The Minerva Press, 1790-1820

The Minerva Press, 1790-1820

The Minerva Press, 1790-1820

The Minerva Press, 1790-1820


Among the numerous works which issue from the prolific brains of those who seek their almost daily bread at the great manufacture in Leadenhall-street, it would be singular if there were not some that rose pre-eminently.

Critical Review , 1804.

FEW authors whose reputation has endured until to-day have owned to a connexion with the Minerva Press. Later editions of the novels of Mrs. Radcliffe and of Charlotte Smith were issued from Leadenhall Street, but writers of their distinction were not usually introduced to the public by William Lane. Of the numerous company who were sponsored by the proprietors of the Minerva Press, probably not more than half a dozen are at all familiar to a modern reader, and these are known less through actual acquaintance with their books than through the comments of more distinguished persons.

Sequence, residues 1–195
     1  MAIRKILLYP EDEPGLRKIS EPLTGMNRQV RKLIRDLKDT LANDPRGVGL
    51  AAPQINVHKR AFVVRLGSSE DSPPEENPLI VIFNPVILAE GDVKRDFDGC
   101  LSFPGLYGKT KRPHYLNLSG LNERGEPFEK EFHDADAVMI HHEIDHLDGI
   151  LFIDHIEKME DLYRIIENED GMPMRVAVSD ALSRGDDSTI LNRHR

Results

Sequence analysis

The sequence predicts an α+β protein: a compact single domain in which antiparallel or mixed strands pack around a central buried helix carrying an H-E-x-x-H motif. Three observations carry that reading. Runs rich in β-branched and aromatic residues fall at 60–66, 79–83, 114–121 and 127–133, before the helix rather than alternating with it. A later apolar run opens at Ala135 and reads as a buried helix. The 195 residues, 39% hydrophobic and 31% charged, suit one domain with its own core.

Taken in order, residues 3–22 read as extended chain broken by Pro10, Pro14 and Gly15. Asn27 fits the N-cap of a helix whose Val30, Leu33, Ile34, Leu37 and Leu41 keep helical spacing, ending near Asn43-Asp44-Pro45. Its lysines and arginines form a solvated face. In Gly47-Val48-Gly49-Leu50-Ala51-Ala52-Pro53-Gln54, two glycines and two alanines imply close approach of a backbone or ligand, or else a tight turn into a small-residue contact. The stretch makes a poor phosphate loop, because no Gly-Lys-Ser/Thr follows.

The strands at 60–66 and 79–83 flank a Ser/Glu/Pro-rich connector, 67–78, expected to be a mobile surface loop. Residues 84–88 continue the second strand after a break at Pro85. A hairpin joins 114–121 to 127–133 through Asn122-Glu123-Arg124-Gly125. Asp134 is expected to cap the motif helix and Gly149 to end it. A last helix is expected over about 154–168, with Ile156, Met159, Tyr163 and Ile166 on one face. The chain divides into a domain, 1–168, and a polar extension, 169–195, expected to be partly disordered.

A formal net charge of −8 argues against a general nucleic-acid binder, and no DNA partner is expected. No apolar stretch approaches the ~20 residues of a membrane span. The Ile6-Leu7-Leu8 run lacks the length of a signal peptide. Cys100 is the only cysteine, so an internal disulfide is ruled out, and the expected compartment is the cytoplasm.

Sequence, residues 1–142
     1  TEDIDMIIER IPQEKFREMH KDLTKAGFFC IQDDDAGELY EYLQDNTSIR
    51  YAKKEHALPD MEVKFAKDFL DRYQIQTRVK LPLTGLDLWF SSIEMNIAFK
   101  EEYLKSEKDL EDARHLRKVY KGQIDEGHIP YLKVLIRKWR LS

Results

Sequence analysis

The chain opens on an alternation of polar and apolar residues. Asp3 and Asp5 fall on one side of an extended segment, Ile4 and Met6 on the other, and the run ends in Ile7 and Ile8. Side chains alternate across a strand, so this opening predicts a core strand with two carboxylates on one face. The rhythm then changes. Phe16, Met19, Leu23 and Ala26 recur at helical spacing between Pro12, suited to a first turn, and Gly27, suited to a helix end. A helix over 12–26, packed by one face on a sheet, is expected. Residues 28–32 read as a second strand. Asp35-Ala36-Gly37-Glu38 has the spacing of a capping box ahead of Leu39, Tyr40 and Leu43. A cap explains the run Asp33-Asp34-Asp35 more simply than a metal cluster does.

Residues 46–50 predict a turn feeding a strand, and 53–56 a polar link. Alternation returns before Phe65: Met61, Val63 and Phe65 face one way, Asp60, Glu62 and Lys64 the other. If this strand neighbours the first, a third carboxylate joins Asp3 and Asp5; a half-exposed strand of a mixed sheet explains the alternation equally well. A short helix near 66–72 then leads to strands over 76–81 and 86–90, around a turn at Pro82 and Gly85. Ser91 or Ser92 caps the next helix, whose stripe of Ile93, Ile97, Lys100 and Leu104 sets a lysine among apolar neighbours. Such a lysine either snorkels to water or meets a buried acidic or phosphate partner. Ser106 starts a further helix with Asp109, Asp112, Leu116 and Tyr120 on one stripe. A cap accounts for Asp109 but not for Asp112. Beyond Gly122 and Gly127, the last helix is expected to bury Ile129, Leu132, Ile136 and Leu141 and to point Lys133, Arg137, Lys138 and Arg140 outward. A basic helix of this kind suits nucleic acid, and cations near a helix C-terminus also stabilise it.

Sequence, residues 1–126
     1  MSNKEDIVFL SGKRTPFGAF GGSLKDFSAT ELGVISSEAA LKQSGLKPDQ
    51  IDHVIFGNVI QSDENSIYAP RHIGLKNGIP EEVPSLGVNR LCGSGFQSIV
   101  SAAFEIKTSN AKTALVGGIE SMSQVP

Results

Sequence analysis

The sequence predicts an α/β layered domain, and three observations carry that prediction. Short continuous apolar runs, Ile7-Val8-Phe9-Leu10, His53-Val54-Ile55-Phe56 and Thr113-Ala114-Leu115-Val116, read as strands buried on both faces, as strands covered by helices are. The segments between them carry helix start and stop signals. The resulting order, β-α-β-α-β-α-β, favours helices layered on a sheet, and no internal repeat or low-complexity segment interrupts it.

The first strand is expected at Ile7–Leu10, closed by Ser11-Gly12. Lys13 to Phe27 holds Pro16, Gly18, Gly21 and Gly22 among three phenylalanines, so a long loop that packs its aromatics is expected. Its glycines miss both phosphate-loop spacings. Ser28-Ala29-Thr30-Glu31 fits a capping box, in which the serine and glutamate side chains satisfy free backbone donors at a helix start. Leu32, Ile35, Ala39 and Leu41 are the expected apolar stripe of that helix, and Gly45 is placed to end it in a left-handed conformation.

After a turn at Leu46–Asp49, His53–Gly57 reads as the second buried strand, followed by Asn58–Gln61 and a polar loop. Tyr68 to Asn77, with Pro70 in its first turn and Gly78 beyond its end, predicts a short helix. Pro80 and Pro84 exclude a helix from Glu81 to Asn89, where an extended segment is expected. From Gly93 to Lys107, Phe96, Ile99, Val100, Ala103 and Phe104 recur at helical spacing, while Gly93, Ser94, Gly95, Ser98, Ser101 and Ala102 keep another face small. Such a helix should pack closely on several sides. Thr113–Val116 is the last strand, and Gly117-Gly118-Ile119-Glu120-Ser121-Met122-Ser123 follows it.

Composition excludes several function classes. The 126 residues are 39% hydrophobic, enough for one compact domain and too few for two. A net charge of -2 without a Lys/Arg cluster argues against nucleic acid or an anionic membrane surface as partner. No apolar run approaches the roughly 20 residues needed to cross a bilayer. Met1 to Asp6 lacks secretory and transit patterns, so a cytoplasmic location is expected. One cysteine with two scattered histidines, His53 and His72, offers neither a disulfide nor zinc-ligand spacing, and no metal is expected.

I. Anonymous Authors

The lack of names for many of these shadowy figures suggests one reason for their oblivion. In the minor fiction of the eighteenth century anonymity was the rule. All of the thirteen novels which Lane published in 1785, for example, appeared anonymously in the first instance, and only two were later claimed by their authors. As the profession of novelist became less discreditable, writers were more ready to acknowledge their works; but in 1800 anonymous books still formed about half the annual output of the Minerva, and twenty years later the proportion was almost as large.

Women writers in particular--and the majority of Minerva authors were women--affected this concealment. 'The utter . . .

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